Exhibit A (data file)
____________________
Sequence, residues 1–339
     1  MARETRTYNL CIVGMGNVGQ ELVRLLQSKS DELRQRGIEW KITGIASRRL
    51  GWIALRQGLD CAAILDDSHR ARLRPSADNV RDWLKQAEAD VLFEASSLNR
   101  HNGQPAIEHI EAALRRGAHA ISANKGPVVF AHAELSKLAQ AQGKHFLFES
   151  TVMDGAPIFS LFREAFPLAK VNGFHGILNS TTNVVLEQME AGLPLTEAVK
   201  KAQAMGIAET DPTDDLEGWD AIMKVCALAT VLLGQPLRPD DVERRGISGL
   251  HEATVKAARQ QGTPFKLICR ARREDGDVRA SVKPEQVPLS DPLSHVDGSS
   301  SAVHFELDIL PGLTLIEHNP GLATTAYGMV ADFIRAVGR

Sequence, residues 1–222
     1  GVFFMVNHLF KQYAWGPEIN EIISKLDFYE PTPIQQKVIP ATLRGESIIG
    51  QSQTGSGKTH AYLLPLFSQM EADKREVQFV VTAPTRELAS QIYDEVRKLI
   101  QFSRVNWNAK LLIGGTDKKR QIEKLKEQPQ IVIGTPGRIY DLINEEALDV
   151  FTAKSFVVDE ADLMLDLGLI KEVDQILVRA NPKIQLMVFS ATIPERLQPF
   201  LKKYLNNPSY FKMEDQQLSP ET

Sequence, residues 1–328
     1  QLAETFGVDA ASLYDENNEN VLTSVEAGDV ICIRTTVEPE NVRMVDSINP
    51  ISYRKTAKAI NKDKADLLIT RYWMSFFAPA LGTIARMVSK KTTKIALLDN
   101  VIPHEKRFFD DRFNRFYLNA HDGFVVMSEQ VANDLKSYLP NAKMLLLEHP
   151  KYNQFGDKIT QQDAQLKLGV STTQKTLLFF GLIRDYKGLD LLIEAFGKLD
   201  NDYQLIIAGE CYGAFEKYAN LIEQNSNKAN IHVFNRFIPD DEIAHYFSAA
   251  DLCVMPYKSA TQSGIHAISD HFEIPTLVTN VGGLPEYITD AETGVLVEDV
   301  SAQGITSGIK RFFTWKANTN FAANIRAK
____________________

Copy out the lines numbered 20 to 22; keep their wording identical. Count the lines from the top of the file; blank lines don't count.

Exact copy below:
   201  NDYQLIIAGE CYGAFEKYAN LIEQNSNKAN IHVFNRFIPD DEIAHYFSAA
   251  DLCVMPYKSA TQSGIHAISD HFEIPTLVTN VGGLPEYITD AETGVLVEDV
   301  SAQGITSGIK RFFTWKANTN FAANIRAK